In 1994 Blackburn Buccaneer S.2B XV361 was put up for disposal by the Ministry Of Defence and purchased by the Ulster Aviation Society.
Filmed in 1994 the interesting video in this post features the latest flight of Blackburn Buccaneer S.2B XV361.
According to Ulster Aviation Society website, Buccaneer XV361 was the final aircraft of a batch of 30 S.MK.2s ordered in 1966 for the Fleet Air Arm. Delivered in 1968, it was flown in the strike-attack role and also operated as a tanker serving with 809 and 800 NAS, flying from the carriers HMS Eagle and HMS Ark Royal.
Sydenham records show it delivered in from Lossiemouth in February 1972 and not flying again until May 1973, still in primer (the long stay suggests this was the conversion to S.Mk.2B).
Two more visits were made to Sydenham, January-March 1974 from Honington and February-May 1975 from St Athan and in 1978 the aircraft embarked on HMS Ark Royal for the carrier’s final tour of duty.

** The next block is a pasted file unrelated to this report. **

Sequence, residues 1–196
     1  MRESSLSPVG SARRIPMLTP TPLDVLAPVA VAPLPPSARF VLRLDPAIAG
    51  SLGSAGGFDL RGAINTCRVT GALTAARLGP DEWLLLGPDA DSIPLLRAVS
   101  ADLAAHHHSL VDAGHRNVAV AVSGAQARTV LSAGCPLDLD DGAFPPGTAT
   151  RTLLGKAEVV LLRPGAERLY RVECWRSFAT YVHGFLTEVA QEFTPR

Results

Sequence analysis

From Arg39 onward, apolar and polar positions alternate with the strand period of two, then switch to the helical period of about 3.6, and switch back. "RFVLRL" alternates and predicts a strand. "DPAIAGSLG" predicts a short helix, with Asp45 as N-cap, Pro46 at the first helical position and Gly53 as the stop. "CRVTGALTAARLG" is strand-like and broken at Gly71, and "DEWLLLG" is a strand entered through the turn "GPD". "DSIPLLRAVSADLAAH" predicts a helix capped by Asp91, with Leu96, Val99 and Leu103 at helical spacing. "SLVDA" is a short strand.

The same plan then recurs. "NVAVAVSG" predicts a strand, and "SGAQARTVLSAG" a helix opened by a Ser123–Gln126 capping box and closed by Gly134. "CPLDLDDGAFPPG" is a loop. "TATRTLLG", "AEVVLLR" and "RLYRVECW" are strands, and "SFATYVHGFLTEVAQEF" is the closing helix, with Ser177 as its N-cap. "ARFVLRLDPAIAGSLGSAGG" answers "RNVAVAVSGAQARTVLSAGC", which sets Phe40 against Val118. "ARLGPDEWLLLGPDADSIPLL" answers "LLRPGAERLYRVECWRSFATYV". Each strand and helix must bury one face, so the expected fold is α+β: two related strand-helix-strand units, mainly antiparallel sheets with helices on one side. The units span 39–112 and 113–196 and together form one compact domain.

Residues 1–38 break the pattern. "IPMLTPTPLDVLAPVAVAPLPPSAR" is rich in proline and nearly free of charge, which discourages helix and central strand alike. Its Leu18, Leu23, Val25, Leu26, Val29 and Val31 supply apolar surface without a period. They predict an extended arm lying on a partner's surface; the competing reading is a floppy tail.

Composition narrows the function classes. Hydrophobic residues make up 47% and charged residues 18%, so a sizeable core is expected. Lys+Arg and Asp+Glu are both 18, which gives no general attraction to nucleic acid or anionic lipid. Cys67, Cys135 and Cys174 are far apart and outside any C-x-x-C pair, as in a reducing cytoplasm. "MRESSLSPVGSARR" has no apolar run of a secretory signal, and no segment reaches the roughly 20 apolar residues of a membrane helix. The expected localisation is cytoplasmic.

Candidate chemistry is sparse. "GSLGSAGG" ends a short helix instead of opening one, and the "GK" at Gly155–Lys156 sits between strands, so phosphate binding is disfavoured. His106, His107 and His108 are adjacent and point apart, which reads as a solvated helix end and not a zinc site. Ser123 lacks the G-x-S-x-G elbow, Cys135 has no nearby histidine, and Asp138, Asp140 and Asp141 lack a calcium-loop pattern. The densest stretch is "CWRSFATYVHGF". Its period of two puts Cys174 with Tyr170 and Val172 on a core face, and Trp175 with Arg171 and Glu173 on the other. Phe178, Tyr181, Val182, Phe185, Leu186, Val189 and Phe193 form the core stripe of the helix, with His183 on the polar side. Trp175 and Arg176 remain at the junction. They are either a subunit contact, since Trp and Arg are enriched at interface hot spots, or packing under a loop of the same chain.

In November 1978 it was transferred to the RAF and flown to Bitteswell for upgrades before being issued to 15 Sqn at Laarbruch Germany in early 1982. The following year it transferred to 12 Sqn at RAF Lossiemouth and was one of six Buccaneers deployed to Cyprus in September 1983 to support troops on UN peacekeeping duties in Lebanon.
Returning in April 1984 the aircraft stayed with 12 Sqn until 1986 when the airframe was updated to carry the Sea Eagle ‘Anti-Ship’ missile and subsequently flew with 208 Sqn for the rest of its service life.
Prior to the Buccaneers’ retirement six aircraft were repainted in the markings of all the RAF squadrons to operate the type, with XV361 being painted as a 15 Sqn aircraft.
In 1994 the Aircraft was put up for disposal by the Ministry Of Defence and purchased by the Ulster Aviation Society (UAS), initially being flown to Aldergrove and then Langford Lodge in April that year.
The “Bucc” landed at RAF Aldergrove, but it was impractical to move it by road to the UAS facility at nearby Langford Lodge, so the RAF crew flew it in a record-breaking short flight of 92 seconds, depicted in this video. They didn’t bother with undercarriage retraction. In 2005, the UAS moved its collection to an old World War Two hangar at a former RAF base at Long Kesh, Lisburn, where the Bucc has been a major attraction in the UAS collection.
Photo credit: Rob Schleiffert from Holland via Wikipedia